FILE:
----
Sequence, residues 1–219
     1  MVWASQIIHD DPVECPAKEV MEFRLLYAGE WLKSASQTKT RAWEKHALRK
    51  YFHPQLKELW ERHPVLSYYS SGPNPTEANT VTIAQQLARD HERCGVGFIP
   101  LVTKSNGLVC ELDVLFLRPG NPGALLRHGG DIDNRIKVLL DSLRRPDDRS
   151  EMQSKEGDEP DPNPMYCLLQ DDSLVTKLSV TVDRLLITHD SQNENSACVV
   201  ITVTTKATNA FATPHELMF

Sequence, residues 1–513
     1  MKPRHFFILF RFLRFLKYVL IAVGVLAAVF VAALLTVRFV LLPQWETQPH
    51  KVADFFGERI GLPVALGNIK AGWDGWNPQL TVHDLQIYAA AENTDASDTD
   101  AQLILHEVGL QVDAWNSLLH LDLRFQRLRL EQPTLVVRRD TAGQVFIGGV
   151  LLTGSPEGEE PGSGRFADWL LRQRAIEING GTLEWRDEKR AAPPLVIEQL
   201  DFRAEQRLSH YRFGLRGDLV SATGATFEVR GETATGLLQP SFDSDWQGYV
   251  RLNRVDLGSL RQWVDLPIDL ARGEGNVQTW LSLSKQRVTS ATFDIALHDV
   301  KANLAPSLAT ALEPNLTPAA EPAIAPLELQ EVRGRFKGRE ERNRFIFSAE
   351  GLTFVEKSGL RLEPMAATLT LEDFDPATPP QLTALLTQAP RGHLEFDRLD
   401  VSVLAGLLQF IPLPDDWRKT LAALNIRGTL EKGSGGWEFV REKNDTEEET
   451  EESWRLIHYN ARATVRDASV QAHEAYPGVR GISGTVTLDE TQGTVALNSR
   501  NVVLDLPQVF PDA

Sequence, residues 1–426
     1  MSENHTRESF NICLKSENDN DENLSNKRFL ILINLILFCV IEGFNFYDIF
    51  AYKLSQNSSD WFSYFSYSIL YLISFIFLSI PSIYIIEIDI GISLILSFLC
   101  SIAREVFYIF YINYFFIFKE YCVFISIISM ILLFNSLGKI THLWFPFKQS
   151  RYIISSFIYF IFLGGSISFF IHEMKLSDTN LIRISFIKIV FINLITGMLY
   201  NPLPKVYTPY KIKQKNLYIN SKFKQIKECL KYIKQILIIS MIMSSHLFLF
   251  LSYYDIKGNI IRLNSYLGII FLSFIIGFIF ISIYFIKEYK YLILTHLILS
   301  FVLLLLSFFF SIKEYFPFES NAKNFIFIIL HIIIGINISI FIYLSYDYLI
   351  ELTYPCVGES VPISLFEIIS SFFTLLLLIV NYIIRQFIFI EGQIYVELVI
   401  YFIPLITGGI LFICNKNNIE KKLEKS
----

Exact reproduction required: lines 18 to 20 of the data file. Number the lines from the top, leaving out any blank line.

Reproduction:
   501  NVVLDLPQVF PDA

Sequence, residues 1–426
     1  MSENHTRESF NICLKSENDN DENLSNKRFL ILINLILFCV IEGFNFYDIF